Cisco & Tandberg Adopt TIP Standard = Good News for Telepresence

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Cisco & Tandberg Adopt TIP Standard = Good News for Telepresence

Tandberg gave me a heads-up a few weeks ago that they would be making some major announcements regarding Cisco and third-party telepresence interoperability as well as an announcement of a new FEC (Forward Error Correction) protocol called ClearPath, which would improve video quality even at high packet loss. An interesting back story behind the Cisco acquisition of Tandberg is that Cisco had to make sure Cisco's open source and free TIP (Telepresence Interoperability Protocol) protocol was used. The EU wouldn't approve the acquisition of Tandberg without Cisco agreeing to use this protocol. There have been obvious concerns (including my own) that Cisco/Tandberg could create a proprietary telepresence platform that locked out third-party competitors.

Cisco and Tandberg just made an announcement stating advanced multiscreen telepresence interoperability with each other as well as other third-party systems, by integrating the Telepresence Interoperability Protocol (TIP) on Cisco's newly acquired Tandberg TelePresence Server.

This interoperability solution, which will be commercially available in late July, helps enable multi-screen, high-definition video collaboration between all major telepresence vendors. The announcement comes just weeks after the close of Cisco's Tandberg acquisition.

tandberg-precisionhd-usb-camera2.jpg Cisco also introduced the Movi for Mac client (a PC client was already available). I'm in the process of testing the Movi client in conjunction with the Tandberg PrecisionHD USB camera. Stay tuned for a review. Movi is also the first Cisco TelePresence product to integrate ClearPath, a new set of technologies that improve resolution for video users on suboptimal networks by minimizing the effects of packet loss.

For smaller and midsize customers, the Cisco TelePresence Commercial Express solution combines three infrastructure components - Cisco TelePresence Manager, Cisco TelePresence Multipoint Switch and Cisco TelePresence Recording Server - onto one server to enable easier deployment, simpler licensing and a faster realization of productivity benefits. These enhancements extend the reach of Cisco TelePresence to provide access for everyone, everywhere, and to power the new way of working.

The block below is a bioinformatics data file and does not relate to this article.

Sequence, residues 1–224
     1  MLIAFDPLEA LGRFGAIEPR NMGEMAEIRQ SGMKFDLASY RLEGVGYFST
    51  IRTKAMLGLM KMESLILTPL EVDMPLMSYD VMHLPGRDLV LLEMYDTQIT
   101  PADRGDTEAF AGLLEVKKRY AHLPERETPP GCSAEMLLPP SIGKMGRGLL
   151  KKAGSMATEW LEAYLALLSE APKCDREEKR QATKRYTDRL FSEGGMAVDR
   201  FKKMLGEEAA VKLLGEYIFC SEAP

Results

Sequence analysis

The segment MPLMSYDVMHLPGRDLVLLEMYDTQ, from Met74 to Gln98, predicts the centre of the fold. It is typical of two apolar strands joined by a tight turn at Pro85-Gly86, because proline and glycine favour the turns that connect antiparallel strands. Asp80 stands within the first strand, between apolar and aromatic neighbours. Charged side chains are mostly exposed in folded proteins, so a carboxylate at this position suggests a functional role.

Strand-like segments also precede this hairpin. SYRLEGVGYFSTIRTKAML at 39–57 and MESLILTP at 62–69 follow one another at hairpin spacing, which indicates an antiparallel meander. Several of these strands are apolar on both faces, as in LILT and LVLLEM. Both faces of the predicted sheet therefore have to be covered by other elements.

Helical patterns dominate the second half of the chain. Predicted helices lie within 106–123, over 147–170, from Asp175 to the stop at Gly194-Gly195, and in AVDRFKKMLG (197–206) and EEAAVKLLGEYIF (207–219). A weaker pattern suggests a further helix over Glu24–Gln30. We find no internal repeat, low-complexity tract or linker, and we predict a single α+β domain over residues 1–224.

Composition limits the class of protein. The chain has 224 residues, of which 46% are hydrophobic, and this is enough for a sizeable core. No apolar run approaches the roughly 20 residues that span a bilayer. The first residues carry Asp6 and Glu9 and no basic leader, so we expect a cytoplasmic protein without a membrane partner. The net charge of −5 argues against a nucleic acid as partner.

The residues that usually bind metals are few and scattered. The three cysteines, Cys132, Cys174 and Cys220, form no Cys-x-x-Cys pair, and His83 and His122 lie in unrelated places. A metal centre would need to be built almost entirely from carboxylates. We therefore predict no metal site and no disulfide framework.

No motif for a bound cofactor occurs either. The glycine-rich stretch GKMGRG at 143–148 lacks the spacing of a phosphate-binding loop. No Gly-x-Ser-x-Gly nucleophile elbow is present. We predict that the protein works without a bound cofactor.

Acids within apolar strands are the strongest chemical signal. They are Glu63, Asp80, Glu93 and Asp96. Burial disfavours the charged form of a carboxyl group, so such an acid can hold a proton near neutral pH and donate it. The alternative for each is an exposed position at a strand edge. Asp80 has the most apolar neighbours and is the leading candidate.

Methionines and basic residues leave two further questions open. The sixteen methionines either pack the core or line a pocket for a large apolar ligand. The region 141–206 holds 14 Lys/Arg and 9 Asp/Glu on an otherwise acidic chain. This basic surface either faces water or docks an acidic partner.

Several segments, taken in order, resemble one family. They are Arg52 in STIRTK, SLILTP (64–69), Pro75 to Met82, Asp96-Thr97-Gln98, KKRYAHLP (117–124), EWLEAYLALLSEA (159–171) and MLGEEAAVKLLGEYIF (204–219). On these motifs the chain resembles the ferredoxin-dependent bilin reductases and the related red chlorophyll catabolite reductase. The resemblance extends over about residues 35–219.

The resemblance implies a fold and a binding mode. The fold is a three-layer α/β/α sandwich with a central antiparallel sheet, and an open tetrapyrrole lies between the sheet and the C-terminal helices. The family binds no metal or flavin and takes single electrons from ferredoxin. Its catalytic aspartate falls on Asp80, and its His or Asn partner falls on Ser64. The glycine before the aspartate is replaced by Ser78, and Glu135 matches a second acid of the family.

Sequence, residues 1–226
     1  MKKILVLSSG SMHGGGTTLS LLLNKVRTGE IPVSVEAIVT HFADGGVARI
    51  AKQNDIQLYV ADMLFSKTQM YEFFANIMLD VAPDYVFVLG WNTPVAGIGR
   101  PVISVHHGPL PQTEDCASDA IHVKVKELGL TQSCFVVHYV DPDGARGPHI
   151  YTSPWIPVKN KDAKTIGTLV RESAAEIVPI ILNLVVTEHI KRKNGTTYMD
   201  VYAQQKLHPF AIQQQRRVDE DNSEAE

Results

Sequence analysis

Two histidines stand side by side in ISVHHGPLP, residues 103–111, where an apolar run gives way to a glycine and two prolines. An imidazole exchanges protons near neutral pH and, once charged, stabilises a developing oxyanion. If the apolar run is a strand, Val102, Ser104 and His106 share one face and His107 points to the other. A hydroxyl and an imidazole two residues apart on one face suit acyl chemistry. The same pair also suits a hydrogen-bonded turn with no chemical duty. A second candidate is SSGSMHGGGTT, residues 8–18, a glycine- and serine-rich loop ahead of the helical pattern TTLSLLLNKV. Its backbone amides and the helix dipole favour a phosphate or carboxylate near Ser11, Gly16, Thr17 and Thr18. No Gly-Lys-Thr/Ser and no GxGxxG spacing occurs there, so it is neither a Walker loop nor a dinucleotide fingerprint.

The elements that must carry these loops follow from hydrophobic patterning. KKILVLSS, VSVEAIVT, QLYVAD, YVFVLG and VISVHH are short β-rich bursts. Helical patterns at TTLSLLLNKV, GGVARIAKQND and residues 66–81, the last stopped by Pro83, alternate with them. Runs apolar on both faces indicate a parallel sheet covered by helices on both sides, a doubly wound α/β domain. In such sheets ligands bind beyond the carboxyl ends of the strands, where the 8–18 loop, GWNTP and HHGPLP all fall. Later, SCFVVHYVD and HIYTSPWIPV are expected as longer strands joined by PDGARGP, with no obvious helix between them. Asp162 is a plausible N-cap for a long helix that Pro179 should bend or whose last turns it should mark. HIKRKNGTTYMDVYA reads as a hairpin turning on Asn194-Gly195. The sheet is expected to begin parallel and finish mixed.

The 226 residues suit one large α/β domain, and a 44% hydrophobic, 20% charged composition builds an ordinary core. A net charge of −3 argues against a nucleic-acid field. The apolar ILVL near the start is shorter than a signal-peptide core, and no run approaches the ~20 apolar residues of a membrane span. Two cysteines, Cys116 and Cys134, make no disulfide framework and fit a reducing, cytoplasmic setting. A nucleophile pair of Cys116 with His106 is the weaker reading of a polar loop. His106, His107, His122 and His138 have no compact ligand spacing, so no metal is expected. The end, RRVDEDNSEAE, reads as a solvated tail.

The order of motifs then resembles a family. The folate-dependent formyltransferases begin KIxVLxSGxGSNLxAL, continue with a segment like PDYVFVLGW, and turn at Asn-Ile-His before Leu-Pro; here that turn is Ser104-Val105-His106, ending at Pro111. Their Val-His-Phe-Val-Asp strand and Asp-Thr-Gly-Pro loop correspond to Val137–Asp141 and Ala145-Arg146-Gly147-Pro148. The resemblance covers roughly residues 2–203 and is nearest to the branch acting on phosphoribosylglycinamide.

Highlights of the news:
• Increased interoperability with the open-source Telepresence Interoperability Protocol (TIP): In a significant step toward broad-based interoperability, Cisco's TANDBERG TelePresence Server - available as both a blade in the MSE 8000 chassis (MSE 8710) and a standalone appliance (TS 7010) - will support TIP. This support enables interoperability between multiscreen telepresence units from different vendors, as well as the full line of Cisco's Tandberg products, to connect customers in HD video and high-quality audio regardless of their telepresence system choice.
• Movi™ for Mac
Client and Other Movi Enhancements: Cisco's new Movi client for Macs and several enhancements to the Movi PC client, make the benefits of enterprise-quality mobile video collaboration even more accessible. Movi for Mac opens up the world of standards-based video collaboration to Mac users and is critical for mixed Mac-PC environments such as education institutions. The latest Movi software for both Macs and PCs offers the following new features: